Looking Forward to June



Thursday, June 22, 2017

Russian Revolution Centenary--A Great Book Discovery

One of my reading adventures this week would not have happened without the New York Public Library. (That's the New York [City] Public Library.] Because I am a resident of New York State, I am permitted to have all the privileges of a New York Public Library Card Holder. In fact, I've had my NYPL library card for a number of years. Lots and lots of state funds support this library, so it's great that all New York State residents can take advantage.

I use Flipster often. Flipster at NYPL includes 114 popular magazines that can be read remotely. My favorite is Library Journal, because that's how I find out about lots of new books being published.

But my BIG discovery this week was CloudLibrary, an e-book and audiobook company owned by 3M, available through NYPL, which includes many, many downloadable e-books, both fiction and nonfiction. Their list is not dumb-downed--how wonderful!

This week I downloaded and have been reading a treasure of a book published for the Russian Revolution Centenary (1917). Caught in the Revolution: Petrograd, 1917—A World on the Edge by Helen Rappaport is an outstanding blow-by-blow description of all of the events of 1917 in St. Petersburg (named Petrograd in 1914, and Leningrad still later). Rappaport, the author of my much-enjoyed The Romanov Sisters, which I read in February, wrote this by uncovering and deeply ferreting out accounts by all the English, Scottish, American, and French diplomats, bankers, businessmen, medical specialists, and journalists living in St. Petersburg at  the time. The city was full of foreigners. And, until now, no one has collected their eyewitness accounts of Petrograd in 1917, from the February Revolution through the Bolshevik October Revolution.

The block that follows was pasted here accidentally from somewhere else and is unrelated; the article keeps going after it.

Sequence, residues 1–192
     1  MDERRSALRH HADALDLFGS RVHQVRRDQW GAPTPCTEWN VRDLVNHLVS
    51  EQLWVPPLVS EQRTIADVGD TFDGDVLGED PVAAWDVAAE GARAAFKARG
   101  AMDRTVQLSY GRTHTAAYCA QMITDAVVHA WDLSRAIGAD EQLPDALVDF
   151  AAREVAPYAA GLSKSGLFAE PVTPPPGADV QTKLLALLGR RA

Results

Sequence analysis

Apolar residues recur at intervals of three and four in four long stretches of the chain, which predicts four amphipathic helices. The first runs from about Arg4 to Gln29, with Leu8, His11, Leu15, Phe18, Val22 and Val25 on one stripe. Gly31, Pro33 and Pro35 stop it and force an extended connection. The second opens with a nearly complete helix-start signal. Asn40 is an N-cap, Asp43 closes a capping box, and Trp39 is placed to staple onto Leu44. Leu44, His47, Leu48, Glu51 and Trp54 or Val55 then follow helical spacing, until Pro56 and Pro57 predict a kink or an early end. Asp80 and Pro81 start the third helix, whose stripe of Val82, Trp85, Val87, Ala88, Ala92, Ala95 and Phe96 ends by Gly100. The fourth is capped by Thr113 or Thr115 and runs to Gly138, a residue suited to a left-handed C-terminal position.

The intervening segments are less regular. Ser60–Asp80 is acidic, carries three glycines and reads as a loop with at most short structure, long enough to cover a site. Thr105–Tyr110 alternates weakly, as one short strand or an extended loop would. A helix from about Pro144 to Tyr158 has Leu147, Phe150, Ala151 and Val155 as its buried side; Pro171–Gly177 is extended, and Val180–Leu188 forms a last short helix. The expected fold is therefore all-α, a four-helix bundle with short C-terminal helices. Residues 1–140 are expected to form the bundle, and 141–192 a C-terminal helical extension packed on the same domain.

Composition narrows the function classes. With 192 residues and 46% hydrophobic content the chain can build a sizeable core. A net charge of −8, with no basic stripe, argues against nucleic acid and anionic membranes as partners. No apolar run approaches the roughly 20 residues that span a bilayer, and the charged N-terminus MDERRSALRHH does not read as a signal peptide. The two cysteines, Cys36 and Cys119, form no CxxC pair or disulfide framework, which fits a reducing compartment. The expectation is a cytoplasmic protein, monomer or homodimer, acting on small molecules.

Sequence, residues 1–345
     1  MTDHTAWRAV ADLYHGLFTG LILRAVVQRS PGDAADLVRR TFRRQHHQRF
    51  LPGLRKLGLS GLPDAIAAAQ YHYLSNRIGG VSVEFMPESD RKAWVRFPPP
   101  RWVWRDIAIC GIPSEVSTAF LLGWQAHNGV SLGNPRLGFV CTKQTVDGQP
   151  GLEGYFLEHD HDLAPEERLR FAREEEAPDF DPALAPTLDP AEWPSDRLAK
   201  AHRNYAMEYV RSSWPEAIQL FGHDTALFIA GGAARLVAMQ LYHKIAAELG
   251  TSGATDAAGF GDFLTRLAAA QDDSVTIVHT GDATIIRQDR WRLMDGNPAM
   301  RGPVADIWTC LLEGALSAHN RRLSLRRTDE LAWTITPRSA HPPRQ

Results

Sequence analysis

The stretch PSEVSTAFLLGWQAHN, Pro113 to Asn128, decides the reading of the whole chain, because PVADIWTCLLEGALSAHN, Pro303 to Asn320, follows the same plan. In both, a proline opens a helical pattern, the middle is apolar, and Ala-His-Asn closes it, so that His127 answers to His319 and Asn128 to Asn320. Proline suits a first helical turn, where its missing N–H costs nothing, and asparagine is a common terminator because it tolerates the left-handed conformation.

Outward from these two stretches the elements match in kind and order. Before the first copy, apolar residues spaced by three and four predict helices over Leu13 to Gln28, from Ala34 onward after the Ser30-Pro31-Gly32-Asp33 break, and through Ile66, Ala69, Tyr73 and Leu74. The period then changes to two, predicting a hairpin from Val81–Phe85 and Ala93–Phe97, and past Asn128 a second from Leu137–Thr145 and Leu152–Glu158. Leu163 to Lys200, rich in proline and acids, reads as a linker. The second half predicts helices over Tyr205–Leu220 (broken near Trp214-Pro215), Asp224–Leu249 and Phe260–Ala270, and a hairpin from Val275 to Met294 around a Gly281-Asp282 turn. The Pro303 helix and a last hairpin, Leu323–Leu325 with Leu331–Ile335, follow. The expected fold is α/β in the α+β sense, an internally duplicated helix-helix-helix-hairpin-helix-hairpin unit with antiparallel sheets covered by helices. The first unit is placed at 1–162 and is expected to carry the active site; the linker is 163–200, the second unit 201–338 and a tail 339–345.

The account is mesmerizing, and unfolds, in some ways like a novel, as the reader follows the key eyewitnesses' accounts of all that occurred. This book makes it abundantly clear that the so-called "February Revolution," was every bit as bloody and mutinous and out of control as the Bolshevik Revolution.  Hats off to Rappaport for writing this book, with such care to sources and such abundant research.



4 comments:

  1. The NYPL card was in my 'pro-NY' column when deciding whether to become a FL resident, though I ultimately chose to jump south...

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    1. But JoAnn, if you own property in NYS, and pay taxes on property you own here, then you would be totally eligible. Just a thought from me, the bookish monster woman.
      Happy reading this summer!

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    2. You just made my day, Judith... and happy reading to you, too! :)

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    3. All I know is, that card is well worth the trouble of getting it!

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